It’s easy to go through your busy working day fairly blinkered about what you do and the knock-on effect of your actions on others. It’s easy too, to be defensive when challenged about something you forgot to communicate, without realising the inconvenience it caused for others. Considering Consequences is a resilience habit that keeps you aware, responsible and accountable by simply thinking through what’s likely to happen if you do something, and, if you don’t. It’s surprising how the consequences become very significant very soon and how quickly they go against personal or organisational values.
To what extent does taking care of yourself feature in your to do list? We live in times where skipping lunch, communicating mainly through electronic media and not experiencing much natural daylight is the norm, because we increasingly prioritise getting things done over the small things that matter for taking care of ourselves. When getting things done repeatedly takes priority over self-care, we start to run out of energy, and if this becomes the norm, it’s likely chronic illnesses will become the norm too.
Take stock every day of how you’ve listened to what your body needs and how you have shown some self-care. This will boost your intention for tomorrow, and the next day…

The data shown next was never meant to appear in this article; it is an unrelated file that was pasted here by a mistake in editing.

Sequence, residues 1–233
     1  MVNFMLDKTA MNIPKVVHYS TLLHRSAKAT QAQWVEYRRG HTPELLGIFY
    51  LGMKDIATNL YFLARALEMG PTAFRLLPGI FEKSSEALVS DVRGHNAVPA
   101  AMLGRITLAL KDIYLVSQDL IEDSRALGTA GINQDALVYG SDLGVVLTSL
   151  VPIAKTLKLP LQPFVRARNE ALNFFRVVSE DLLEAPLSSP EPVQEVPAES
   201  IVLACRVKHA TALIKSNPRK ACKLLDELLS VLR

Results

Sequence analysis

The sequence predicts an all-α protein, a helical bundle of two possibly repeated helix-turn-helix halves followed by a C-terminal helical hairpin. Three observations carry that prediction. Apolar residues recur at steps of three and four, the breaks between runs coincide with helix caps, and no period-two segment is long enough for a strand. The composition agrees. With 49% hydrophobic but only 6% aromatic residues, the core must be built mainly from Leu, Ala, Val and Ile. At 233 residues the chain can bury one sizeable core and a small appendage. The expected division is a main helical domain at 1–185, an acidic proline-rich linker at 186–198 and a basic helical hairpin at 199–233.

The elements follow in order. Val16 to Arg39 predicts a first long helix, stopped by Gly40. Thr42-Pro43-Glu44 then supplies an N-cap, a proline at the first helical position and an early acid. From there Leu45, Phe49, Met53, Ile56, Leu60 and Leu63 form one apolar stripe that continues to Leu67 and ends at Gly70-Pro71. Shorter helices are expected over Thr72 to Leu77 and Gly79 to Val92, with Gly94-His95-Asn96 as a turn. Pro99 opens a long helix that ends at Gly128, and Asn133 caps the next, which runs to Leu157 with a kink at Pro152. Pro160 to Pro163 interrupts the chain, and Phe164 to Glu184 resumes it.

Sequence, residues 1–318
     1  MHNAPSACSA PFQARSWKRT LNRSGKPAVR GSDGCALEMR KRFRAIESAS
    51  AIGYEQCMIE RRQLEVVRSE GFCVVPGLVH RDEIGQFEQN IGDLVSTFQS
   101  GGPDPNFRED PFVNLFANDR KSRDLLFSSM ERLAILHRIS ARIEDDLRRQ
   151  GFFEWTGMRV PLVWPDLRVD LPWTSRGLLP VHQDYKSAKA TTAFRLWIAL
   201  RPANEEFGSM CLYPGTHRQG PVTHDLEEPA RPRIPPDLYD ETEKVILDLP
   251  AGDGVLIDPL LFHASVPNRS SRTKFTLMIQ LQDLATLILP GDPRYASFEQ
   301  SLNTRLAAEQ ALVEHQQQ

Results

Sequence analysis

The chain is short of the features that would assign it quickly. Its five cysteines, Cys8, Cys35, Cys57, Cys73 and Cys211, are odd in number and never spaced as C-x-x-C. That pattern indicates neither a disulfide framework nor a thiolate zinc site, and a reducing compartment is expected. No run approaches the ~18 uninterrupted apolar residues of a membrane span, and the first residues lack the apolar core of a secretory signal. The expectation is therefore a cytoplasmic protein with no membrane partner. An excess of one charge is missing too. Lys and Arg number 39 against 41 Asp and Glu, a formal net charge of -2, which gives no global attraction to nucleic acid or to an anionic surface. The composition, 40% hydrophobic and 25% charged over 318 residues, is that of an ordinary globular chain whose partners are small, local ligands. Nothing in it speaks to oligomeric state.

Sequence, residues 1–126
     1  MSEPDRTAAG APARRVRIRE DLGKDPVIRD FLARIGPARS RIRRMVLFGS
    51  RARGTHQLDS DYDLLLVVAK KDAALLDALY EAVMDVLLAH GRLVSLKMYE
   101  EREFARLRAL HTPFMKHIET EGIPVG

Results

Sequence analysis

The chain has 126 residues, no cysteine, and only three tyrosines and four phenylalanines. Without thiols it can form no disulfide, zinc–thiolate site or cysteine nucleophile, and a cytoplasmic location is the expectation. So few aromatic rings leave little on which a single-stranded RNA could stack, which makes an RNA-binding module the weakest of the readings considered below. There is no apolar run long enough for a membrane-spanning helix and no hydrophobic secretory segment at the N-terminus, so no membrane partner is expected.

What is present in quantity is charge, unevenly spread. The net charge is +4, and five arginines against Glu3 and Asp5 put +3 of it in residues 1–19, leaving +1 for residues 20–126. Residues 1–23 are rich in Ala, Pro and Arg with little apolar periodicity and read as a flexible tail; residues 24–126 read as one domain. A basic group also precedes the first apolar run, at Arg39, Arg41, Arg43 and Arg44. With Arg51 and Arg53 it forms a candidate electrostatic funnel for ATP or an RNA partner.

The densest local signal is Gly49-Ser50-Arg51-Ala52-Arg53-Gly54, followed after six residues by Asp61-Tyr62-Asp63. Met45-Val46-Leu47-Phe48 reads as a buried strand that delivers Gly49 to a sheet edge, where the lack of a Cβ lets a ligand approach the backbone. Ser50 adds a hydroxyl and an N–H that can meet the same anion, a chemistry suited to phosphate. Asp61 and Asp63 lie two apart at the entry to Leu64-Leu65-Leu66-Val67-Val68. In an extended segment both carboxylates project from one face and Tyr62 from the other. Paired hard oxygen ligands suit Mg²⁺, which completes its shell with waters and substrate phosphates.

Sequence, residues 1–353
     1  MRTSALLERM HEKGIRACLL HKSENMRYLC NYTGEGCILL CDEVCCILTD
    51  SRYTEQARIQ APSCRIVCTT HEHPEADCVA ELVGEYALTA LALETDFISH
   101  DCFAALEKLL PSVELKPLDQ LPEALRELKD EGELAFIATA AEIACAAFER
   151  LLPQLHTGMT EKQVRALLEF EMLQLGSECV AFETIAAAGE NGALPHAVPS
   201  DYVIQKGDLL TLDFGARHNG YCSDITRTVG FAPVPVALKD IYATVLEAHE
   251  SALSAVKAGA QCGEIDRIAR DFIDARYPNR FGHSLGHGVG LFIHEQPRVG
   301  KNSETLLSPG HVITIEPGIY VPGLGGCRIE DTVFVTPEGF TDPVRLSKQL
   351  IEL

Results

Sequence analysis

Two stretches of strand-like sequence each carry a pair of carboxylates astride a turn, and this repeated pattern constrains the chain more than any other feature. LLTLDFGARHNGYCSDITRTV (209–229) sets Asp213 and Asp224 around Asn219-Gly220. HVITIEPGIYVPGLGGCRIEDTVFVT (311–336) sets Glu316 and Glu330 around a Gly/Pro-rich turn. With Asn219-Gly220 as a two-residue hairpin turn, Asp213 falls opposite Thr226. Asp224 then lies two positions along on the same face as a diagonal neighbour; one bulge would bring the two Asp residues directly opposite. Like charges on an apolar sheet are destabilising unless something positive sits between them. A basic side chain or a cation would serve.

EqualIIseThis resilience habit is about rights-respecting behaviour - it reminds you what that looks like and how it feels. It nudges you into having a respectful attitude at work, respecting others and respecting yourself.
Use this tool to reflect on your interactions each day and consider: When did I come over as Big i? When did I go into little 'i' behaviour? When did I see and communicate I to I?
The very best way of developing equalIIse behaviour is to invite feedback from others on how you came across, for example, asking a trusted colleague after a meeting to describe your behaviour using the equalIIse model and vocabulary.
Download the EqualIIse habit
Think of a time when you looked forward to coming to work and then contrast that with a time when you didn’t. What part did the quality of your relationships at work play in your enjoyment of your working life? Resilient relationships result from i) knowing yourself well and being aware of the impact you have on others ii) reading others well and being aware of the impact they have on you and iii) adapting how you relate to others so the impact you have is the impact you want.
Getting things in perspective
When you’re feeling tense, stressed, under pressure or in conflict, it’s very easy to become blinkered and to get things out of perspective. Then, your thoughts and feelings start running away with you. If you develop the resilience habit of getting things in perspective by rising above the situation and asking yourself a few simple questions, you will feel more balanced and patient, less stressed, more calm.